Joe Biden has a motto for describing how the United States will see its place on the world stage under his presidency. In a victory speech in Delaware on Saturday, he declared: "We lead not by the example of our power, but by the power of our example."
True, the new American leader does not have the copyright on that pithy catchphrase: it was also used by one Bill Clinton in support of Barack Obama's campaign in 2008. That, though, perhaps underlines how Biden plans to return the world to "normal" after the Trump years, re-establishing US international leadership – and hoping that others still show faith in it.
Still, in terms of approach, the new President-elect could not be more different from his predecessor. While Trump struggled to master any foreign policy brief that could not fit on a side of A4, and relied for much of his world view on Fox News, Biden is an experienced foreign policy hand.
Not only is he a former chair of the powerful Senate Foreign Relations Committee, he served as Obama's global fixer during his two terms as vice president, tasked with the knottier, more thankless portfolios such as Iraq, Afghanistan, and Ukraine after Russia's 2014 invasion.
Anyone unnerved by the chaos of the Trump years, when foreign policy often seemed to be conducted on a whim via Twitter, will be relieved to see Biden doing exactly the opposite. His team of informal foreign policy and national security advisers is to number nearly 2,000 people and 20 different working groups.
Yet while a Biden "doctrine" will see America reaffirm its commitment to the global order – he has already said, for example, that he will rejoin the 2015 Paris Climate Change Agreement and the World Health Organisation, both of which the US exited under Trump – many areas will see mostly changes of tone rather than substance, or little change at all.
On China, Biden will end the confrontational rhetoric of the Trump years, during which the President not only launched a trade war but accused Beijing of spreading a "plague" with coronavirus. But relations will still remain cool. Biden believes that the US "does need to get tough with China", and has accused Beijing of stealing US firms' intellectual property and giving unfair subsidies to state-owned exporters. He will also take a firmer line on Chinese human rights violations, be it in Hong Kong or over the mass detentions of Uighur Muslims.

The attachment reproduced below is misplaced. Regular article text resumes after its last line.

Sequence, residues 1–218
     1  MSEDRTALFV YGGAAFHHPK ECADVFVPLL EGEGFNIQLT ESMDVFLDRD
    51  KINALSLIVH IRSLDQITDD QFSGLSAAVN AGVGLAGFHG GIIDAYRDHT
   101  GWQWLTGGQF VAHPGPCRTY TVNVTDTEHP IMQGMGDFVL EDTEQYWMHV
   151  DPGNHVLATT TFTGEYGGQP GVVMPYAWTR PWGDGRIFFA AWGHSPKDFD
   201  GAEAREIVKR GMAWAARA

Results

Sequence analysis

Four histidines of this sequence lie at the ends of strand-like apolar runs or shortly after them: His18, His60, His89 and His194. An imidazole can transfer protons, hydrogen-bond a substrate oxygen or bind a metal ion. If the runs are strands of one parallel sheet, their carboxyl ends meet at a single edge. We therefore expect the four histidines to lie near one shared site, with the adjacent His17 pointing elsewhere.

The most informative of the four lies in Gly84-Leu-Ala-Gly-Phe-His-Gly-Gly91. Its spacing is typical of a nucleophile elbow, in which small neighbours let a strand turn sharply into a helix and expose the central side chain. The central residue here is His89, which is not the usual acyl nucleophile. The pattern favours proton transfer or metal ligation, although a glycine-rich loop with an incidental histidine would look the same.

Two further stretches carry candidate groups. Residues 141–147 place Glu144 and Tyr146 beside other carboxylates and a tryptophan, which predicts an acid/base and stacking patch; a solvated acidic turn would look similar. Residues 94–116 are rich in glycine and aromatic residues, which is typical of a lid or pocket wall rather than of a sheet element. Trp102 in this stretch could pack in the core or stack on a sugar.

In piling pressure on China, however, he will try to get other Western democracies onside too, abandoning Trump's unilateral approach. A diplomatic bloc that includes Europe, he points out, is twice as economically powerful as America alone, and far harder for Beijing to ignore.
On Iran, Biden will seek to re-enter Obama's landmark nuclear control deal, which Trump withdrew from in 2018. Biden has said Trump's "maximum pressure" policy has backfired dangerously, giving Tehran an excuse to resume its suspected atomic weapons programme while European powers wait for the US to rejoin the deal.
Whether Tehran will now fully comply with the terms of any resumed deal is unclear. Even if it does, Biden will still face the problem of Iranian military involvement in the wider Middle East, where Trump's tough-guy approach arguably did occasionally yield results. For example, the US assassination in January of the Iranian general Qasem Soleimani – deplored by Biden at the time – is now credited by some with undermining the power of Iran's proxies in Iraq and Syria.
Biden will face a similar dilemma in Yemen, where he has said he will end US support for the Saudi-led war against the Iranian-backed Houthis. In 2019, Trump vetoed a congressional resolution to end US military support for the Saudi-led bombing campaign. Biden will have to confront Yemen's five-year-long civil war, as well as Tehran's growing influence in the foothold at the southern end of the Arabian Peninsula.
The 'Forever Wars'
On the question of US military interventions, Biden, who backed the toppling of Saddam Hussein in 2003, accepts America's role as a world policeman. The Trump years, he believes, prove that if Washington doesn't do the job, then hostile strongmen like Vladimir Putin fill the void. He plans, therefore, to maintain a strong military, despite his wish to end what he describes as "forever wars" in Iraq, Syria, Afghanistan and Somalia.
He will, he says, bring the "vast majority" of such troops home, leaving small units of special forces to help local armies fight al-Qaeda and Islamic State. "Those smaller-scale missions are sustainable militarily, economically, and politically, and they advance the national interest," he argues.